Hopefully normal service will be resumed shortly - the beast has been switched off over the Christmas break, and needs some time to get back up to operating temperature. Of course, since we have instant hot water on tap, we don't have a kettle...

I've got some background processes running on the PC which would've been much better run over the Christmas break, but that only occurred to me once I was home, and I'd powered down the work PC, so I couldn't remote desktop in to set things in motion. So that was a bit shortsighted of me, but nothing terminal.

DVD-wise, The Wire continues to prove rivetting viewing - the cinematography in the penultimate episode of S3 (the showdown in the empty house with Omar and Brother Mouzone) is awesome (Omar rocks), whilst in matters literary, Rachel Caine's Carpe Corpus, Morganville VI is looking set to be my first book of 2010 - I'm about half way through at the moment, but keep getting distracted by both The Wire and Assassin's Creed II.
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2009 has been a bit of an up and down year, all told, but I think I'm ending it better than I started, and I'm hoping that's what's important.

I read a lot of books - my target was 36, and I got past that. Next year's target will again be 36, but I'm going to try and read more non-fiction (new Sook notwithstanding). And I'm definitely going to try to read less Stephanie Meyer in the new year. Heck, if I could unread Breaking Dawn, I most definitely would.

We moved buildings at work in October (if memory serves): overall, I prefer the new place to the old, if only because we're squirrelled away somewhat, which means fewer walk-in distractions. Colleague H and I have been assigned a full-on project for the new year, which could well take some getting into, so I'm expecting January and onwards to be pretty busy.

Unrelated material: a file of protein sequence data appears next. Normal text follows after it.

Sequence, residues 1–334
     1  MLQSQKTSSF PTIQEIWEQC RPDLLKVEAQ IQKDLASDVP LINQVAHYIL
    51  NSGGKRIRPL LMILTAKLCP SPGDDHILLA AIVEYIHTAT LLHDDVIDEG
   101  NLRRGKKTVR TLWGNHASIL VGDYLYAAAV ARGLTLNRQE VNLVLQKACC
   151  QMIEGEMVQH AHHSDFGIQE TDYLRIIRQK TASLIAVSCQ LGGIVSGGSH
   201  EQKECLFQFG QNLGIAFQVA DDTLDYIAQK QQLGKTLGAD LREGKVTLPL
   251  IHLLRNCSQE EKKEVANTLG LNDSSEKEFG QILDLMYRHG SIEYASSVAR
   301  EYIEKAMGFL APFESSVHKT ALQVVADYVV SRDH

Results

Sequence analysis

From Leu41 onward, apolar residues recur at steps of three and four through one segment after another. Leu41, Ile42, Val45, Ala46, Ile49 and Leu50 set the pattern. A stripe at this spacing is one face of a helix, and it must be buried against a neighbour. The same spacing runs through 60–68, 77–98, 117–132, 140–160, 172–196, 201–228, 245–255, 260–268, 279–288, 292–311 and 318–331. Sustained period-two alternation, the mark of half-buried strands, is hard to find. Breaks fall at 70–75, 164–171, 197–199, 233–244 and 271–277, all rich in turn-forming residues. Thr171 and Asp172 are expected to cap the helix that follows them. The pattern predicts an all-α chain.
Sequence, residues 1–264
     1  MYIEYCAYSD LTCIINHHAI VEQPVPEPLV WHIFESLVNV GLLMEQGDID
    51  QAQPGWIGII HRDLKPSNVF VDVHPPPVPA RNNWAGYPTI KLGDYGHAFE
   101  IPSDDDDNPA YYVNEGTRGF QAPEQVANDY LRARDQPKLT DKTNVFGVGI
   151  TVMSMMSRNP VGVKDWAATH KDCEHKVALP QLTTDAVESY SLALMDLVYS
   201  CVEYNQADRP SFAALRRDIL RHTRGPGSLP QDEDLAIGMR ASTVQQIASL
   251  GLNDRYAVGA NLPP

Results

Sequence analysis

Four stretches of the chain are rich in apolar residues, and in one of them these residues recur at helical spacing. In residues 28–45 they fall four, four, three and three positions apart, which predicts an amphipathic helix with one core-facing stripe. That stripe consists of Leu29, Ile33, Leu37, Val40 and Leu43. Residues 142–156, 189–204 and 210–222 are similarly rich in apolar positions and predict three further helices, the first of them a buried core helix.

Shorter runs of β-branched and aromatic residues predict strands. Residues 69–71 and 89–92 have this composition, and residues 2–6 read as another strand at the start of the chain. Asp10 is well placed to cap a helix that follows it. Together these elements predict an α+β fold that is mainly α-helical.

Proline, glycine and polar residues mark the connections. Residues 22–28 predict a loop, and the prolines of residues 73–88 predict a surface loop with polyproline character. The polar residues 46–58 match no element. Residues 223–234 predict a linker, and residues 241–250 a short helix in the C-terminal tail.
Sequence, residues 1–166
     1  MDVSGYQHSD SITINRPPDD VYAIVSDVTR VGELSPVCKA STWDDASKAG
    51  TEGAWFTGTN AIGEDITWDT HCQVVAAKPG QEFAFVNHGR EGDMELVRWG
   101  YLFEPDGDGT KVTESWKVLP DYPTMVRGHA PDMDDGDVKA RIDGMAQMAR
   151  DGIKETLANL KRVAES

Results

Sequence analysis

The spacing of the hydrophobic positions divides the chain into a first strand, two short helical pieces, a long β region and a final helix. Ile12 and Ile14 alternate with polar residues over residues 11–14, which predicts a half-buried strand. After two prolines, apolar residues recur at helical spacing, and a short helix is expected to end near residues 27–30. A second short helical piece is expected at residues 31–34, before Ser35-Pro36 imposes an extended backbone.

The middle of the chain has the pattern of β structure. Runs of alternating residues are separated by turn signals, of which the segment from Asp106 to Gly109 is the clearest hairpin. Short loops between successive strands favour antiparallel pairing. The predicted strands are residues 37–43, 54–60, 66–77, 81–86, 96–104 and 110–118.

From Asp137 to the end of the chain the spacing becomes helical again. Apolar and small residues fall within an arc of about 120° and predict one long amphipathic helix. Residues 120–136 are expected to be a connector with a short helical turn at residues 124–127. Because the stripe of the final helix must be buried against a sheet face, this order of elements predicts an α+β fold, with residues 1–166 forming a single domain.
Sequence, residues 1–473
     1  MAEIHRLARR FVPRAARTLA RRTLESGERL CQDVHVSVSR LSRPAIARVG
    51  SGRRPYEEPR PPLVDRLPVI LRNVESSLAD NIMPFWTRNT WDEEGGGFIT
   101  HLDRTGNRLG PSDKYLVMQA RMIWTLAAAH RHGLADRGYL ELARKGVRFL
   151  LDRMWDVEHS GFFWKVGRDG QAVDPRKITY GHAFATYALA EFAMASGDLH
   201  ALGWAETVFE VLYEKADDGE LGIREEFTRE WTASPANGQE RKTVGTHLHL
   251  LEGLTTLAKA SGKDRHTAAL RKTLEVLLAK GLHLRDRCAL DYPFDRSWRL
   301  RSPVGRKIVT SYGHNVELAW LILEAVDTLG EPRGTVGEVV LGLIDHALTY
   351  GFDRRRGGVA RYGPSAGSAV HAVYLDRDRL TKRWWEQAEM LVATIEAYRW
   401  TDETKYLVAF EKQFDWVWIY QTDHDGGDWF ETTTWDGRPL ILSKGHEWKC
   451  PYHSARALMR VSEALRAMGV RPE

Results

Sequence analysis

DVD-wise, I've obviously discovered The Wire, which is seriously, seriously good. I've yet to finish either Battlestar Galactica or Prison Break, and I have the first five seasons of Lost waiting to go through too. As for Flash Forward, though, I think I'm going to give up on that one.

I don't really remember too many notable films. Coraline was OK, but nothing compared to the book. The Star Trek reboot was certainly watchable, but not ground-breaking. Avatar, ultimately, disappointed. Was there a stand-out film this year?

I've just received a 'Happy New Year!' text from a number I don't recognise... have at least returned the good wishes, but I hate it when that happens!

Anyway, have a good New Year, all you people! Hope 2010 brings you all things good! :D
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In what must be a first, the Barclays ATM on Chants only had £5 notes this evening... this is quite remarkable, as the poor fiver is becoming an increasingly rare beastie, seldom spotted in the wild.

Have some picspam: The Grauniad's Iconic Images of the Decade. Some good stuff therein.

I'm currently reading a John Grisham novel - I could tell you the title, but there's not a whole lot of point since they're all essentially the same story, told over and over again. I will say, though, that in painting his protagonists and adversaries, Grisham manages to make Avatar look like a subtle and nuanced film... (So why read it? 'cos it's there, and I do kinda have a soft spot for popcorn legalish thriller stuff)

Still watching The Wire, and I think I'm going to declare it my favourite TV series as of now - it's not as quotable as Firefly, nor as pretty as Heroes. It's not as heartwarming as The West Wing, nor as sexy as True Blood... but it has a subtle, understated quality with excellent acting and genuinely complex storylines. So if you were wondering, yes, it is that good.
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Am ploughing through S2 of The Wire at the moment, and it continues to be excellent, in an understated, considered sort of fashion. It has none of the glossy sheen that marks things like Flash Forward, Lost and Heroes, but what sets it really apart is the depth of the characterisations.